3: The Daleks represented not just fascism, but also pacifism in the face of violence.
4: Remembrance of the Daleks, was an allegory for racism in the 60s.
5: Genesis of the Daleks dealt with morality, and genocide.
6: Famously, The Happiness Patrol was a criticism of Thatcher's Britain.
7: The War Games was a criticism of soldiers being used as canon fodder.
8: The Mutants explored colonialism, and apartheid.
9: Carnival of Monsters - slavery.
10: The Peladon stories - industrial disputes, and EU membership.
The list goes on.
In the past, fascism, genocide, refugees, Thatcherism, and environmental issues were top of the political agenda, today it is identity politics. That's why those things are currently explored in Doctor Who.
One social identifier that doesn't have a well supported movement behind it, or the advocacy of influential people, is class. Class prejudice is still rife, and never gets the publicity of some of the other issues.
To demonstrate the point just look at the reaction to Jodie Whittaker, not her gender - that's been discussed and discussed ad nauseum, but her accent.
Her northern accent.
Here are some screenshots of some of the comments I've read.
Worse things are said, of course. Disgusting and intolerant comments made to women, BAME, and LGBTQ persons. Much worse, but we now live in a world where those things are roundly called out. People condemn those bigoted opinions, and voicing such opinions can lose you your job. Yet these comments above went pretty much unchallenged.
There is a tacit prejudice of class here. When I was 18 I moved to London, on my own, and worked for the NHS in an office. On my first day I overheard one of the office managers saying to a Doctor (not THE Doctor), "He's called Michael. He's northern, they're not very bright but they work hard". How dare she! I'm a right lazy arse.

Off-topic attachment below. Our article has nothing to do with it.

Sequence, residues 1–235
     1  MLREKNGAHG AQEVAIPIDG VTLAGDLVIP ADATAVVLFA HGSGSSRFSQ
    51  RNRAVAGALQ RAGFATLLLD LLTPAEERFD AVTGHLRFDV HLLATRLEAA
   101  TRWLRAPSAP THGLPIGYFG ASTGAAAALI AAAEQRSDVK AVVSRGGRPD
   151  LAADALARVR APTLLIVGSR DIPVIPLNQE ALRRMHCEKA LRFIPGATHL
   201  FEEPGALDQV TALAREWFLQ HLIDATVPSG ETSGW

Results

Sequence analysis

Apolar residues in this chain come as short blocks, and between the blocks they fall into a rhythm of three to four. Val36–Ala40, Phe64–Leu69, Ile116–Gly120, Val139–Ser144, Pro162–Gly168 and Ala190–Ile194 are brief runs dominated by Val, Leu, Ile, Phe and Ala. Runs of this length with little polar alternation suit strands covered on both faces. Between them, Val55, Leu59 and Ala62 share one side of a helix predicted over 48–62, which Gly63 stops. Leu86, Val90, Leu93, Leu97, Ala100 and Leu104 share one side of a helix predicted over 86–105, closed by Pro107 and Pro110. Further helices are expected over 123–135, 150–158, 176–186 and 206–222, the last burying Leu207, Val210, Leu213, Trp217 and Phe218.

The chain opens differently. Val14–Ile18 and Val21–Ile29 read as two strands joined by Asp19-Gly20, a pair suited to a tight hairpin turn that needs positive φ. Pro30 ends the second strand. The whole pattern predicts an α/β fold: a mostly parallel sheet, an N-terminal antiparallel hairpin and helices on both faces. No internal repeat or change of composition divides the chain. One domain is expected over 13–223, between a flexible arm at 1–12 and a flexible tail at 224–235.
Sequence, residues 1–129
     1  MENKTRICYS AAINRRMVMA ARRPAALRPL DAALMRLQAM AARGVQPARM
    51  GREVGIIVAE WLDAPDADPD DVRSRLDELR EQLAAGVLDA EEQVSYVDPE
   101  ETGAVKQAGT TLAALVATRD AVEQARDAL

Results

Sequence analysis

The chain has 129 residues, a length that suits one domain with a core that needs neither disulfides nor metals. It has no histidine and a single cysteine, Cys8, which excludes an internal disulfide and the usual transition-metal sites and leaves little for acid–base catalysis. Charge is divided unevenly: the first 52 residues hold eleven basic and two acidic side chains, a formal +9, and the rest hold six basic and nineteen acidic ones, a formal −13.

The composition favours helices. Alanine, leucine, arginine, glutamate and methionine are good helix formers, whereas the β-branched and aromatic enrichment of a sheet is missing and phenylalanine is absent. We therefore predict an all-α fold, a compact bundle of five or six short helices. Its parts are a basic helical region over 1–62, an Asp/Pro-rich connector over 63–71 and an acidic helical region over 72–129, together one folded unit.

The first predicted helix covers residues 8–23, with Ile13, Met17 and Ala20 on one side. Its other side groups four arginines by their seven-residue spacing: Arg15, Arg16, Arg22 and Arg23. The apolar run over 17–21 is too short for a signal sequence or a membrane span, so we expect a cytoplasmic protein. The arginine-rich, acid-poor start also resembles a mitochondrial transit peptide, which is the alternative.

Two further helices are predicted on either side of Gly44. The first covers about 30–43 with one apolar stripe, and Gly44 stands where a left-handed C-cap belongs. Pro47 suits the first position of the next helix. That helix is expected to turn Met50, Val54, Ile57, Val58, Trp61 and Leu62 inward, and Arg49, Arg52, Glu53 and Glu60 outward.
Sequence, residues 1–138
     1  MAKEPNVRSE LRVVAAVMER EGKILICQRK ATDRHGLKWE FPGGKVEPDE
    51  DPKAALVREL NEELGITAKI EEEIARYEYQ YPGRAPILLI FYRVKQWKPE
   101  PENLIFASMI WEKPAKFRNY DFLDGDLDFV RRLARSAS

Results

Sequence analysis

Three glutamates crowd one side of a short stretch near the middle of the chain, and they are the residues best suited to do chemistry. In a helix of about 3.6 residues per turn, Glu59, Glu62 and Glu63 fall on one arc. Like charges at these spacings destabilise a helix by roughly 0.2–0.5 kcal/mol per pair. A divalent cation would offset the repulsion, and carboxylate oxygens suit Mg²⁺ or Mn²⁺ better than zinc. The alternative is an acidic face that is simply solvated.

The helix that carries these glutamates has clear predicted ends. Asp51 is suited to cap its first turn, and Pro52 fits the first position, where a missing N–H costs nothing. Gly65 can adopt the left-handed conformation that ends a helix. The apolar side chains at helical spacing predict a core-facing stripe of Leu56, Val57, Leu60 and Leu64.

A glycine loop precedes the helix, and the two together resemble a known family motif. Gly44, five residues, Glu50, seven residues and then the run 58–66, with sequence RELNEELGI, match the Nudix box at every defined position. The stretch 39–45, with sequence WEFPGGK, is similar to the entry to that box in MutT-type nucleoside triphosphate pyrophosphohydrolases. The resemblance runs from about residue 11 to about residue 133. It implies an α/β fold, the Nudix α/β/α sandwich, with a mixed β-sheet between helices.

It was widely reported that several BBC executives resisted the move to Salford, as if it was a crime ridden, uncivilized place. The same BBC who allowed sexual assault to go unchallenged, the same BBC that has tied itself in knots trying to represent everyone has actually, in my opinion, failed to represent the working class - particularly working class males. History is full of white men in powerful positions, and on our screens it has been so for decades. We need more representation of minorities. We don't, however, need to conflate all white men into the same category - privileged and middle class - because those working class individuals have never had the upper hand, and now have even fewer opportunities than any other demographic. Perhaps this is the root of the acrimony.
Those men with valid concerns and reservations are conflated with the genuine bigots, racists, and homophobes. Slapped down on internet message boards if they fail to eloquently express themselves with the correct pronouns, or the most up-to-date appropriate language.
I'm happy that we have a female actor playing The Doctor. I have never felt anything other than excitement at the prospect. I love that the new companions are played by actors from a diverse background. I love that we have more female writers on the show. It's an exciting time, and I wish Chris Chibnall and Jodie Whittaker the best of luck and feel confident that they will be great.
I try to remain optimistic that these equality issues will be resolved. I hope that one day soon we find a way to have real equality, not just lip-service, so that people of any background, or gender, or sexual orientation can feel like they have equal opportunities.
Even those of us who are working class.
What do you think? Have I missed the obvious? Am I just part of the problem? Let me know!